Good show, Ms. McKendrick. I hope you get much more business for taking this stand and losing four sessions. I also hope those four girls learned something, too.
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OK, so the kids are now in the 6th grade. I know; where’d the time go? Anyway, they started middle school last week and they both decided that for their elective class—what they call “choices” here—that they wanted to take orchestra. So I went to the Parents-of-Children-Who-Want-to-Take-Orchestra meeting last night at the school.

It was a cozy affair, just me and the mother or father of the other 300-plus kids who have signed up for 6th-grade orchestra. Luckily, there are three teachers and the kids will be divided into four different classes. At the meeting, we learned about what kinds of instruments the kids will need (rentals would be just fine, and in fact, encouraged), as well as other middling details. And oh, by the way, could you have your kid outfitted and ready to play on Monday?

A viola and a violin by Mathias Thir, Vienna, circa 1780. These will be out of our price range.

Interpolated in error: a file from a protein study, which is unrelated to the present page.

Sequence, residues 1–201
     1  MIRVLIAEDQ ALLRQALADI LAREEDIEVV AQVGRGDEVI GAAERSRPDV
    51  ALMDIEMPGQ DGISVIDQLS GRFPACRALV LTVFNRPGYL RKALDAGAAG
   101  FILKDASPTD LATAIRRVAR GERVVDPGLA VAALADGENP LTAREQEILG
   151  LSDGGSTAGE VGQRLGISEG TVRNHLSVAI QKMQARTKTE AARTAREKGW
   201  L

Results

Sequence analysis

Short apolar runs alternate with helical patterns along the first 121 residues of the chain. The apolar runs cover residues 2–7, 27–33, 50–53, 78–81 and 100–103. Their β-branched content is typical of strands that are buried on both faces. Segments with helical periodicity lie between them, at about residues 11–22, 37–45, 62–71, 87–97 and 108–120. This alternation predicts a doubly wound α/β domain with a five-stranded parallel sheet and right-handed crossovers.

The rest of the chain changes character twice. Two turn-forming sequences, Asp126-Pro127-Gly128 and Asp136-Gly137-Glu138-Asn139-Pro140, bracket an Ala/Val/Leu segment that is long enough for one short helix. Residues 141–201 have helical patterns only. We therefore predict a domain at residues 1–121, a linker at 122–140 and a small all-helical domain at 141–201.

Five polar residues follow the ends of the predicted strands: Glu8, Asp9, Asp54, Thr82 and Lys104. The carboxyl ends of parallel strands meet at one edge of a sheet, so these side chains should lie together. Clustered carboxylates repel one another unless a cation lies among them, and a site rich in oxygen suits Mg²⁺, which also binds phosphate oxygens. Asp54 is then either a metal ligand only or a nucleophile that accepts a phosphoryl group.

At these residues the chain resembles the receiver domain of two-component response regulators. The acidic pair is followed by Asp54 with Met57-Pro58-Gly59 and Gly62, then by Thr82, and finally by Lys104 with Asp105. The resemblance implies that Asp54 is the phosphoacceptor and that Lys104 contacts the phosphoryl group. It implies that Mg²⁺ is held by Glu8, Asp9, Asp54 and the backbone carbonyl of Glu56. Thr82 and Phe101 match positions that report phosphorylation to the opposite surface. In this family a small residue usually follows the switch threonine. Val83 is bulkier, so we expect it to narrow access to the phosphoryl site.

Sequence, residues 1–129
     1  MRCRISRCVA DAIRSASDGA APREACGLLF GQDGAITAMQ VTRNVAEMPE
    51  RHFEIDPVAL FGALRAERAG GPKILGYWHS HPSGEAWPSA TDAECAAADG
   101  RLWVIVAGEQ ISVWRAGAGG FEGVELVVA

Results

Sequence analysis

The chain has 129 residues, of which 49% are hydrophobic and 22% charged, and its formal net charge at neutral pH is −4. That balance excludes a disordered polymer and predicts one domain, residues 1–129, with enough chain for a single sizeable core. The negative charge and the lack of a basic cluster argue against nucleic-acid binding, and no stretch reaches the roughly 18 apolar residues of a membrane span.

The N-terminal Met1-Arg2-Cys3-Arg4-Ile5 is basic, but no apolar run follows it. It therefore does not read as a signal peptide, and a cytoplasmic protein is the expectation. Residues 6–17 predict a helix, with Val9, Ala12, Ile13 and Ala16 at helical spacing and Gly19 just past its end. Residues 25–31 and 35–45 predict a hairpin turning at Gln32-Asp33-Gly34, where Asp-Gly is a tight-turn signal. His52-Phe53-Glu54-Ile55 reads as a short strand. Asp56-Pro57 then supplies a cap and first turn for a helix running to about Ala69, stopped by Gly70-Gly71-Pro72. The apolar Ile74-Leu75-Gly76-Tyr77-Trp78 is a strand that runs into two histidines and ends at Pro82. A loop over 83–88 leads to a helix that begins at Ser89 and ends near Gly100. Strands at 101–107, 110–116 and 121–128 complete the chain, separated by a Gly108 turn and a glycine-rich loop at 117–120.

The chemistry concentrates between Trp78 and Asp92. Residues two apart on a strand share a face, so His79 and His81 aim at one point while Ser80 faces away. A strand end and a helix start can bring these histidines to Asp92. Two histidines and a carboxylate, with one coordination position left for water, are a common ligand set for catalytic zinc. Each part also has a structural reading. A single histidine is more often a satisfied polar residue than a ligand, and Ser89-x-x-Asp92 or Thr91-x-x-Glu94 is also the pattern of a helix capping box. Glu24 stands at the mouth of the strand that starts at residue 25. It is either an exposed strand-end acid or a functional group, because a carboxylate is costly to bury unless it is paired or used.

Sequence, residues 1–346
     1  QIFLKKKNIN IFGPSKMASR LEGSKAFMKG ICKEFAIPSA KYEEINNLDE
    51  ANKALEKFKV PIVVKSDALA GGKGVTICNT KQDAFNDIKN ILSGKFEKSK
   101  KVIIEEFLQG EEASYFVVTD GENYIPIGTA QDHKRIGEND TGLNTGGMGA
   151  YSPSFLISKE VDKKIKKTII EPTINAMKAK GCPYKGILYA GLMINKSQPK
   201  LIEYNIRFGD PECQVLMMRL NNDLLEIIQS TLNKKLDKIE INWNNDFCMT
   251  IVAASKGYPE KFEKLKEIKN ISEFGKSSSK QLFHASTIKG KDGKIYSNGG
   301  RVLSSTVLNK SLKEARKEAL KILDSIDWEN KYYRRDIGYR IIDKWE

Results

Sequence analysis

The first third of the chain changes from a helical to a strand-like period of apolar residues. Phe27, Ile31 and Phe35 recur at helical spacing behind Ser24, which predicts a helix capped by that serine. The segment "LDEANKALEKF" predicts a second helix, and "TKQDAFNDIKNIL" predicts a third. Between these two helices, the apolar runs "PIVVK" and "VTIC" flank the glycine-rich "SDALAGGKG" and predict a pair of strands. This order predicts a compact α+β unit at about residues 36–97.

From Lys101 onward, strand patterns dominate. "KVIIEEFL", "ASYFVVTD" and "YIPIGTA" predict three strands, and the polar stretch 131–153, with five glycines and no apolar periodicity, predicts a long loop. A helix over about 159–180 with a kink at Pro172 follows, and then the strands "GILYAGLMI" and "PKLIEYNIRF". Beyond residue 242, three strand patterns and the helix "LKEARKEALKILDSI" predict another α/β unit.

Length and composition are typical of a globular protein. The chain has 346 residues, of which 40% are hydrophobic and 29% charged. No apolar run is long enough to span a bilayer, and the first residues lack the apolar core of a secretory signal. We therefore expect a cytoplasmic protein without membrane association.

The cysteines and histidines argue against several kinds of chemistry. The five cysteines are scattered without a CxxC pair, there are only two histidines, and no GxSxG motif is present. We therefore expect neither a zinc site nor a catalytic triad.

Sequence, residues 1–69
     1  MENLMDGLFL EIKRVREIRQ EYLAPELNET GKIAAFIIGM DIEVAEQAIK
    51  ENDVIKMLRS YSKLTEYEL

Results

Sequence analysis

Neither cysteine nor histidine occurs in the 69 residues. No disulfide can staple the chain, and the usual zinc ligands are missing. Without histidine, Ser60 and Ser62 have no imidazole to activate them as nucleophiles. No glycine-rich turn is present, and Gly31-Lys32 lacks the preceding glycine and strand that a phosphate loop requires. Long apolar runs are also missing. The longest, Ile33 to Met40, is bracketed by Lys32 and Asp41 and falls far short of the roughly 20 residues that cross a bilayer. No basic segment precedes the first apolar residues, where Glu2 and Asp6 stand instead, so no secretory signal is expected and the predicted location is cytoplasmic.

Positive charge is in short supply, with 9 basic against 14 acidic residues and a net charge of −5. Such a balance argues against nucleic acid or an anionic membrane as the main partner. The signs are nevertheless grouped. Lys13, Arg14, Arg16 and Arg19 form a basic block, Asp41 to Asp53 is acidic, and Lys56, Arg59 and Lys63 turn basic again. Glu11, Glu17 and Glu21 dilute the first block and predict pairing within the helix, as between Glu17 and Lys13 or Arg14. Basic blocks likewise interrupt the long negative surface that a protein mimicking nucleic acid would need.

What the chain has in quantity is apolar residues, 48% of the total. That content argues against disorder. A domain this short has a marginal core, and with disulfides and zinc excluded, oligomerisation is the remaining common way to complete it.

Well, the girl got a jump on it this spring, deciding she wanted to play violin. So she got one and took two or three lessons before stopping for the summer and the mess of activities on her calendar. The boy, to my surprise, says he’s all for orchestra and came home saying he wants to play the bass.

Cool, I thought… bass—even though one is twice as big as he is—would lead to many opportunities and genres if he actually stuck with it. But now he’s wavering, as a friend who took cello last year told him bass was really hard. So he says he wants to switch to viola instead. He’s got a couple of days to think about it, and when he goes to the music store, we can have him sized for both.

I’m not going to put any pressure on them—but I will make sure they practice—and hope they have some musical talent that skipped me. My bothers brothers both played in band in school, and I have always envied them. I tried to learn piano, guitar, bass, harmonica, mouth harp, tissue and comb to no avail… my love for music will have to be passive only.

Before he makes his final choice, I’m going to show him this video of Stanley Clarke rocking out in an astonishing solo at the Newport Jazz Festival. I don’t know if he’ll appreciate it, but I think he needs to what the instrument can do in the hands of a genius.